Although the play is of its time, in other ways, it’s timeless. It’s about acceptance and that’s a theme that is still pertinent. Gender and sexuality may be a protected characteristic in the Equality Act 2010, but when Pride comes around each year, Facebook still teems with homophobic comments. The default is still white, straight man and gay people still get beaten up in Britain, they still get attacked and they still get harassed for being gay.
Fifteen-year-old Jamie, lives with his single mum Sandra. He’s friends with neighbour and school friend Ste, who is beaten and neglected by his alcoholic father. He’s also friends with sassy neighbour and Mama Cass fan Leah, who has been expelled from school because of ‘The System’. Jamie struggles with building relationships with his mother’s boyfriends who seem to flit in and out of his life. Super laid-back, weed-smoking, patience of a saint Tony is the latest one.
Whilst Jamie hides his sexuality, his difference is apparent to his classmates at school. When Ste ends up staying over one night to escape his abusive father, the bed sharing eventually leads to the first stirrings of a relationship.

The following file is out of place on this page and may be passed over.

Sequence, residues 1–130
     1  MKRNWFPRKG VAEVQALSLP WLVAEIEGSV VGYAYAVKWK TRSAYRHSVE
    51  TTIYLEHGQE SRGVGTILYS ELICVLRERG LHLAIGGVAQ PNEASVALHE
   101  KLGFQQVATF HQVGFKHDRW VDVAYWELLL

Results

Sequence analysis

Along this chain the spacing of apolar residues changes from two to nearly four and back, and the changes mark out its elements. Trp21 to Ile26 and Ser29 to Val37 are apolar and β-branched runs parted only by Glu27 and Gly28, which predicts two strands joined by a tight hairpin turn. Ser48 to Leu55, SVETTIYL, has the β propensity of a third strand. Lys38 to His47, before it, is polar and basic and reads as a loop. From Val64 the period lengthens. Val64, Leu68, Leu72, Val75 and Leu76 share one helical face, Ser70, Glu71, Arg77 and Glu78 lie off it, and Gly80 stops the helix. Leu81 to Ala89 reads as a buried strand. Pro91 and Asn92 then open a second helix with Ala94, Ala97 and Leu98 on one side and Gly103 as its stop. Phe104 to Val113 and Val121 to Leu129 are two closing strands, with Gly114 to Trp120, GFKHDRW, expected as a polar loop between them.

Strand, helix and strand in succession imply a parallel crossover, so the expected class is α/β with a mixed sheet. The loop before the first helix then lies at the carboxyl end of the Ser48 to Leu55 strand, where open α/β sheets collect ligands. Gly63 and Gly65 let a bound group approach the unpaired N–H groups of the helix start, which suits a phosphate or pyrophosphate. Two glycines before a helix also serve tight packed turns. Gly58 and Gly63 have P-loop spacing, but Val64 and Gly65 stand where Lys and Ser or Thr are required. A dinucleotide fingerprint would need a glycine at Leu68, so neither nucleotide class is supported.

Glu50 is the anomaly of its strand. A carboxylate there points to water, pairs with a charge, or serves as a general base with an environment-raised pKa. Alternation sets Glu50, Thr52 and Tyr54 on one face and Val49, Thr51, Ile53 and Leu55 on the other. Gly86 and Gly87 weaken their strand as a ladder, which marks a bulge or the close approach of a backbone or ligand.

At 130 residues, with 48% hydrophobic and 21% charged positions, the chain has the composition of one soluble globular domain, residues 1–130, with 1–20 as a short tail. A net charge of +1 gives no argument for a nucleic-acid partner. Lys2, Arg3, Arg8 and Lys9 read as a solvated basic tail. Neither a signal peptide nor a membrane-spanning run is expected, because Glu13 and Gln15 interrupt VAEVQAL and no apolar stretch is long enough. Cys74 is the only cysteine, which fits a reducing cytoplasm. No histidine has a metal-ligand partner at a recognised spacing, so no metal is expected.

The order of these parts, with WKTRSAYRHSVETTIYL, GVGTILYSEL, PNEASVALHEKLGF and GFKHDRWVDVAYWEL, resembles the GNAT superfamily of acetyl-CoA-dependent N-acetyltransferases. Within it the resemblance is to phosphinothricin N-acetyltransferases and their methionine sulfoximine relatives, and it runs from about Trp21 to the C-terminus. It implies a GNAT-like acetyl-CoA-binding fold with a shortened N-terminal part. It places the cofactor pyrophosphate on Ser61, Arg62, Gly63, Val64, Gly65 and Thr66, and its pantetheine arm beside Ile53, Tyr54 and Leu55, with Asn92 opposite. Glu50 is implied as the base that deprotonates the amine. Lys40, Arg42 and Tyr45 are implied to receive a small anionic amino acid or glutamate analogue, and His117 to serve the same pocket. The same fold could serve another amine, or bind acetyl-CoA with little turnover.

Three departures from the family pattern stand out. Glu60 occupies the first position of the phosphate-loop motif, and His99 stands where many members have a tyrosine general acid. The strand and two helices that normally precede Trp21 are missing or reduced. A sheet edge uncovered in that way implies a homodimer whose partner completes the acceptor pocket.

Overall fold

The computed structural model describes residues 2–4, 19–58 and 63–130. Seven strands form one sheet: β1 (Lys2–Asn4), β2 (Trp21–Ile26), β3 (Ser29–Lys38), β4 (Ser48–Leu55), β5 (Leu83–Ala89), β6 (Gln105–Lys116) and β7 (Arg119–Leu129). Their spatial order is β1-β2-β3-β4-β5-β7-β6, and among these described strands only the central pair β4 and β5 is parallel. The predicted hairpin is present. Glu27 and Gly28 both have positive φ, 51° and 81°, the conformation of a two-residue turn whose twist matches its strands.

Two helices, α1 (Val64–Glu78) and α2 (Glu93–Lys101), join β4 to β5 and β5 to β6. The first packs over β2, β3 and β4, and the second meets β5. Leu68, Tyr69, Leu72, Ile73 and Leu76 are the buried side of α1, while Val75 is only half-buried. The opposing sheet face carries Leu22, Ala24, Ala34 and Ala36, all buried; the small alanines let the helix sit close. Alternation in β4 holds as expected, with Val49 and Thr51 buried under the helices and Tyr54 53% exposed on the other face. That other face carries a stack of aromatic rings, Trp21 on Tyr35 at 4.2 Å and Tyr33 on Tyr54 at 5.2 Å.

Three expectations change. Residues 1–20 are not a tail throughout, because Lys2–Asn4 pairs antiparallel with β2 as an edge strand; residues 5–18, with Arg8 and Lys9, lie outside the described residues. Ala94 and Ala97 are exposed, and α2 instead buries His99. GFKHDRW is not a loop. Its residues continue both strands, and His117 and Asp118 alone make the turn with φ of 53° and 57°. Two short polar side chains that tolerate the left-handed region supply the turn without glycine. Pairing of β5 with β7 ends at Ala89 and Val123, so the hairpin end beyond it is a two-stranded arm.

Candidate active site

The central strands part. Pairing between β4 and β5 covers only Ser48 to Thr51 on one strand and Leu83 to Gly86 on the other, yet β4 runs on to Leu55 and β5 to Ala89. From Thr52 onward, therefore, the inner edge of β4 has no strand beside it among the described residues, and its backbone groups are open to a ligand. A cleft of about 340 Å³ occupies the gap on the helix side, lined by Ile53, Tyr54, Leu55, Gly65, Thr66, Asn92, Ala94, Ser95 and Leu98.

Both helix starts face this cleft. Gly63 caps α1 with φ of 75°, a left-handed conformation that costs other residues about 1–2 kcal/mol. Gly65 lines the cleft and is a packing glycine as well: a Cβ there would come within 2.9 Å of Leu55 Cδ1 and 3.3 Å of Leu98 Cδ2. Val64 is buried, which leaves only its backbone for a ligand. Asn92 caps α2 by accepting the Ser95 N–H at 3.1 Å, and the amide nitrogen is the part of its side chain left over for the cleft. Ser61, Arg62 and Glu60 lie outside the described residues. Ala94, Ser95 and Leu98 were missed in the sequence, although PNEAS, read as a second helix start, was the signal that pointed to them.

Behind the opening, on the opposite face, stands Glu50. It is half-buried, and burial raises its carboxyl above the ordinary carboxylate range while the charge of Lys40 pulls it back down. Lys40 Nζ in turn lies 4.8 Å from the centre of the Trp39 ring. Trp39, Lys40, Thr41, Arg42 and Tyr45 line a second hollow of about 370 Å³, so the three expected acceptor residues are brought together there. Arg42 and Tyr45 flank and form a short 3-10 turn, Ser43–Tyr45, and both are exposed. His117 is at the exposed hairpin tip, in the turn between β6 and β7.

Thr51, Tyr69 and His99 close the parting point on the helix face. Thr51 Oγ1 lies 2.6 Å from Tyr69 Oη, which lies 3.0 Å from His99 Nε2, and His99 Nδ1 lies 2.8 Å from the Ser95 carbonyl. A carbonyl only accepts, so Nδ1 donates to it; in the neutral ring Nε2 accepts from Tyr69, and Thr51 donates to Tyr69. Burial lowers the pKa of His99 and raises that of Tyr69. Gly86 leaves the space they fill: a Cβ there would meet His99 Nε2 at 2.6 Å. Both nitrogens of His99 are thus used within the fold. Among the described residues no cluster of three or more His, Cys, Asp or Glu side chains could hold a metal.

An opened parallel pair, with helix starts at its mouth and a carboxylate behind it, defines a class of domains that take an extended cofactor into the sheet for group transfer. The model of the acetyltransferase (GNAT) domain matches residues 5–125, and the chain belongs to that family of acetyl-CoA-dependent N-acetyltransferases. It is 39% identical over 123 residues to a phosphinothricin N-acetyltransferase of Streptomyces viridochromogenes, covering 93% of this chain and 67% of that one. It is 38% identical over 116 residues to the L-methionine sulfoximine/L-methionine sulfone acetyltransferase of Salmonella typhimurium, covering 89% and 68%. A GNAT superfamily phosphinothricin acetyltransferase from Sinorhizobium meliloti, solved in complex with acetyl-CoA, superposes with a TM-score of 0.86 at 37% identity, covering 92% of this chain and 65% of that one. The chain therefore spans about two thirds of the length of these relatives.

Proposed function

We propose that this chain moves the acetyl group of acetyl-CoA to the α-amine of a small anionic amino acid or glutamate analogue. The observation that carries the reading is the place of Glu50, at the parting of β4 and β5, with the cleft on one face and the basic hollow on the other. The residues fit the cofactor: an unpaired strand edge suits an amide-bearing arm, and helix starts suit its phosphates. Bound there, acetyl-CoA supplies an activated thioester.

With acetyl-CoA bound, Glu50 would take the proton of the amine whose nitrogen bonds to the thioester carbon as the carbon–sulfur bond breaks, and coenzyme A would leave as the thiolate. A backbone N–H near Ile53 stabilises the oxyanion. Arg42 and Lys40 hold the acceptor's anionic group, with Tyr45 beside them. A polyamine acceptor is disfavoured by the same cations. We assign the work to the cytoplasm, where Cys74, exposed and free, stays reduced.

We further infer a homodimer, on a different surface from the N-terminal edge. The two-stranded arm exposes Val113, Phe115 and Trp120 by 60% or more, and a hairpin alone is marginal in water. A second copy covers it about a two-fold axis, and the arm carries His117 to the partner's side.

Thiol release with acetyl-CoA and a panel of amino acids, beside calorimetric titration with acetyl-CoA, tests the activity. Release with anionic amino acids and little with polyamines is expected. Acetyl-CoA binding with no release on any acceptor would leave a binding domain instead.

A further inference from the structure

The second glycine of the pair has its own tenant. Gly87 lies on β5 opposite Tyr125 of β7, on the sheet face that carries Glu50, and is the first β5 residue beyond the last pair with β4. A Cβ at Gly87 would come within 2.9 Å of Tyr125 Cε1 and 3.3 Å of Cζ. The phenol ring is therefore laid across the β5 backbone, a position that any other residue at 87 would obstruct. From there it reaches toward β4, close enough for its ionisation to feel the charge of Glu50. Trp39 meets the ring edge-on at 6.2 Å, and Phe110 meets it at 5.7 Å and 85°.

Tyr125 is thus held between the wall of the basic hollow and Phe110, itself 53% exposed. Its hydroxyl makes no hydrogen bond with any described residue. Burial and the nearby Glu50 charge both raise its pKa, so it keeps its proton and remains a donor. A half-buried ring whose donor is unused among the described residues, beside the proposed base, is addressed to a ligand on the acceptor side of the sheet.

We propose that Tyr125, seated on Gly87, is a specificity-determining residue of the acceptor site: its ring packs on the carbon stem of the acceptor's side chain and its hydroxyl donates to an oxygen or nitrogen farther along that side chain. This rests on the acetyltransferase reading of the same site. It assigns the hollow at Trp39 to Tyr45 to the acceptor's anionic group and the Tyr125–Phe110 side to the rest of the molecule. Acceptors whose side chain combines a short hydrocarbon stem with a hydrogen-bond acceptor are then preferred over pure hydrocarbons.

Lending weight to the four characters in the play is a Community Choir, who make up the estate residents in the background like a band of troubadours. It gave us a real sense of the community behind the story, also lending charm, quirk and energy .
The play is about first love and though that relationship is a gay one, this is not just a play for gay people. The play is also about relationships. Relationships between children and their parents, relationships with neighbours and the relationships within the community and how individuality and sexuality forms part of those perceptions.
Phoebe Thomas was incredible as the rough around the edges single mother of Jamie. She has dreams too. She’s proud of the flower basket award she’s won and aims to run her own pub. She’s loud, she’s brash, but she loves her son and her disappointment comes from Jamie’s lack of honesty and her fears are about how the community will react to him.